Leading Article: Basics begin in the nursery

Click to follow
The Independent Online
BACK to basics. Not to the vague and worthy generalities of ministerial speeches calling for 'self-discipline' and 'responsibility', but to the specifics of how our children are educated. All the arguments about lone parents, rising crime and juvenile delinquency come back to the basics of schooling and parenting. The Government can do almost nothing about the latter; it can do almost everything about the former.

Three years ago, Sir Claus Moser, then president of the British Association, said that Britain was 'in danger of becoming the worst educated of the advanced nations', offering too many children a schooling that was 'not worthy of a civilised society'. He called for a Royal Commission on education; ministers laughed off the idea. So Sir Claus - embracing Tory ideals of self-help and self-reliance - found the money to set up his own with 15 members of the 'great and good'. Tomorrow, the commission publishes its report.

The commission - the report has been widely leaked - reminds us of things we had almost forgotten. Many of our schools are slums, with the backlog of repairs now close to pounds 4bn. They struggle to buy books and equipment. Some children are still taught in classes of 35 or even 40. We have less publicly funded nursery education for the under-fives than almost any other country in Europe. Ministers insist that these things do not matter, ensuring meanwhile that their own children get the earliest possible start in private nurseries, and finding, from their supposedly inadequate remuneration, sufficient to pay high fees at schools that boast of small classes, lavish laboratories and playing fields and extensive libraries.

The commission's proposal that children should start school at three is already being treated by ministers as if it were on a par with a proposal to put a Briton on Venus. Yet these same ministers profess their determination, in John Major's words on Friday, 'to get down to tackling the roots of crime'. They should examine American research that has followed a group of black children from deprived homes since the 1960s. It shows convincingly that boys who enjoy full-time, high-quality nursery education are less likely to get into trouble with the law when they reach their teens. The girls are less likely to get pregnant. The researchers estimated that for every dollar invested in the children's pre- schooling, the taxpayer had saved seven dollars in reduced costs of crime, remedial education and other social problems.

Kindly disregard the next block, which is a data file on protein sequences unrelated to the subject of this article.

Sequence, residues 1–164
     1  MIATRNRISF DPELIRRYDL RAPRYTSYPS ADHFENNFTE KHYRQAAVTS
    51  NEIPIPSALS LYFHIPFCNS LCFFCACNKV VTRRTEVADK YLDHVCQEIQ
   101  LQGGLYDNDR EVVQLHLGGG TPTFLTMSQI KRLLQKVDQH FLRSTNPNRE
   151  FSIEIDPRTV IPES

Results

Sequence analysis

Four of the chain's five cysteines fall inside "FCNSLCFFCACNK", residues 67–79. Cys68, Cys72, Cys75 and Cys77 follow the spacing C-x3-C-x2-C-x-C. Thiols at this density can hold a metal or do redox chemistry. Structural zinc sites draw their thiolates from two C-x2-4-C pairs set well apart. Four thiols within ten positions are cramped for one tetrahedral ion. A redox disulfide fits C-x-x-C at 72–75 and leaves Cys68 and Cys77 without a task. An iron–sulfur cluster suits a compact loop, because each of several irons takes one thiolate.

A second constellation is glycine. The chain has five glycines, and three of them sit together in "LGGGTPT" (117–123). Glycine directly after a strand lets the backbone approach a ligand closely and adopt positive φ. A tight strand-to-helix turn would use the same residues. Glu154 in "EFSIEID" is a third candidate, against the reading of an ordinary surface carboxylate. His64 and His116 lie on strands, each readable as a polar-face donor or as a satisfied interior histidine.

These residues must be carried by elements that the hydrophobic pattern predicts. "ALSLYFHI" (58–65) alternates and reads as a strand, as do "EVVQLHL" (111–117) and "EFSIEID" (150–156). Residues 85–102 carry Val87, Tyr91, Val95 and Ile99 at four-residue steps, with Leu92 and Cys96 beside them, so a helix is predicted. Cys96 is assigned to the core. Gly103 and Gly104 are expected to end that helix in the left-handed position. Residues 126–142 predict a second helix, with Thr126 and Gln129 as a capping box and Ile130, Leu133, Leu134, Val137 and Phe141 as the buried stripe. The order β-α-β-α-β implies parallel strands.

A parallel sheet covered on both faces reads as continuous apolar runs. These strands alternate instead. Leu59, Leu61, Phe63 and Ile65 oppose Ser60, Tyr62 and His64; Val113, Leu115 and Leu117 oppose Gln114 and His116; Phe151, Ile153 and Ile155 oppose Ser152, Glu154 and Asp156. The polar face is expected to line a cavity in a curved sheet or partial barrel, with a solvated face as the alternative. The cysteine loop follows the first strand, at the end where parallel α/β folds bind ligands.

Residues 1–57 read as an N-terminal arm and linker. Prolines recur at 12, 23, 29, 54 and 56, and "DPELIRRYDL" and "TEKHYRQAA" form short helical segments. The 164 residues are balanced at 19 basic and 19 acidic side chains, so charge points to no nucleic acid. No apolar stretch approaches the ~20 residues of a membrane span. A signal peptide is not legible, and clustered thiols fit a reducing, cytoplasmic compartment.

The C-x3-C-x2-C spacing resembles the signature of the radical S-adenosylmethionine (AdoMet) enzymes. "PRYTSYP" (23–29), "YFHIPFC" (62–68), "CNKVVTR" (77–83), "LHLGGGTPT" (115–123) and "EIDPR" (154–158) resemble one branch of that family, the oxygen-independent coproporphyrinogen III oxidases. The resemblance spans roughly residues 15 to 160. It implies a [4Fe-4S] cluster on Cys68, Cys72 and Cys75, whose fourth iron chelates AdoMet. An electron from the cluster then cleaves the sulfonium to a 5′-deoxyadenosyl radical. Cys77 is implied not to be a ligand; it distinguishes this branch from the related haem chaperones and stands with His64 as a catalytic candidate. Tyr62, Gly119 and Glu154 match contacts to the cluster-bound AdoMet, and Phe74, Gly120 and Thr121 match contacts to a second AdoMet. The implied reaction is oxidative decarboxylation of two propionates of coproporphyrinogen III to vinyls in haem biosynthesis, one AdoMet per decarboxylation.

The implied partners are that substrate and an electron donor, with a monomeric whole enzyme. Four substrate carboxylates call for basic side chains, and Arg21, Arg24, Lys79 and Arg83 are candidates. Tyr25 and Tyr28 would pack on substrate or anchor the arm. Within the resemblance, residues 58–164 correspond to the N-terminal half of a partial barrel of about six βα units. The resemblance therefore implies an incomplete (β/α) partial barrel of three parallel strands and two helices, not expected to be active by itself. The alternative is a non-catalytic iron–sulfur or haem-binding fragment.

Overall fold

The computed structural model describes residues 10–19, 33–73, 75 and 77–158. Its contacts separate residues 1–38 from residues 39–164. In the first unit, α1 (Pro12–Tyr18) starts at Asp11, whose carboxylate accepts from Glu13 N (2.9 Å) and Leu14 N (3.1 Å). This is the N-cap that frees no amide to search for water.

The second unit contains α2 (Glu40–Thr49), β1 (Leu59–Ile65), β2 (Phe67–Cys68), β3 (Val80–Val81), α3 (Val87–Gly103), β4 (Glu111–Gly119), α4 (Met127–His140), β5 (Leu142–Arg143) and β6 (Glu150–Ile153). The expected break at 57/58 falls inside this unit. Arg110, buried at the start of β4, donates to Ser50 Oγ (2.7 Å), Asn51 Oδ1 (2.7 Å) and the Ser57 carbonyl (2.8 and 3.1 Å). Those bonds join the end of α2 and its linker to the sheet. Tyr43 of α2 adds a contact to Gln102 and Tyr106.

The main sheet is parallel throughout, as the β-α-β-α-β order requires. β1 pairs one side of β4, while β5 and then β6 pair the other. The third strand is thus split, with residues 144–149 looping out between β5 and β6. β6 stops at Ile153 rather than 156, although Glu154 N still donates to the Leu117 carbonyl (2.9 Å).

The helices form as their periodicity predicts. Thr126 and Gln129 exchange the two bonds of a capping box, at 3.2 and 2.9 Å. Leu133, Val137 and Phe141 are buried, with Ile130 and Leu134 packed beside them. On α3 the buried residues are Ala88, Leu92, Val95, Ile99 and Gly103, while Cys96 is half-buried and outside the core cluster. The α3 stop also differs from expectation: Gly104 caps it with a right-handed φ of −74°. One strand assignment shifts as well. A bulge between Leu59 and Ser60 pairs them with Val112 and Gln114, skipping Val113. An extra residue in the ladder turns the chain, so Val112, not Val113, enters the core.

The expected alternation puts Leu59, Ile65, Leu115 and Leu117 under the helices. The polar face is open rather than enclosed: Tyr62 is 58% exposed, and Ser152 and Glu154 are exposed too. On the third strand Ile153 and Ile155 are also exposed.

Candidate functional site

These results would be no surprise to Baroness Thatcher, who was so impressed by the evidence on nursery education when she was Education Secretary 20 years ago that she promised it would eventually be available to any child whose parents wanted it. The promise was forgotten. The excuse was that the economy was never healthy enough, so it would be ruinously expensive. Yet a series of reports from the National Institute for Economic and Social Research have shown that the mass of British school leavers achieve a lower level of basic numeracy and literacy skills than our main industrial competitors. Further, the institute has shown these shortcomings are directly connected to the failure to produce goods and services that will compete in world markets on high quality rather than low price. The Government argues that it is tackling these problems by, for example, introducing the national curriculum. But it is no use trying to teach science and technology to seven-year-olds who cannot read or even concentrate. Any primary school teacher will tell you that, by the time they reach the classroom, many children are already lost causes.

Ministers will say that, particularly when there is a high budget deficit, the money cannot be found. Sir Claus's answer - and our answer - is that the money must be found. By what logic has the Government concluded that this offshore island should spend more than its European Union partners on defence, less on education? Sir Claus costs his nursery education proposals at pounds 860m a year, a sum that could be released (with plenty to spare) if Britain were to bring the proportion of national income spent on defence down to the EU average. All his proposals - including those for repairing school buildings - could be financed (again with plenty to spare) through the 1p addition to income tax proposed by the Liberal Democrats, to considerable public acclaim, at the last general election.

Recognition of the importance of an early start to education goes back at least to the Plowden Report - a government committee - 30 years ago. That generation missed out. So did the next, and the next. Mr Major should indeed get back to basics and recognise that, if our economic and social decline is ever to be arrested, the children now being born must not miss out.

Comments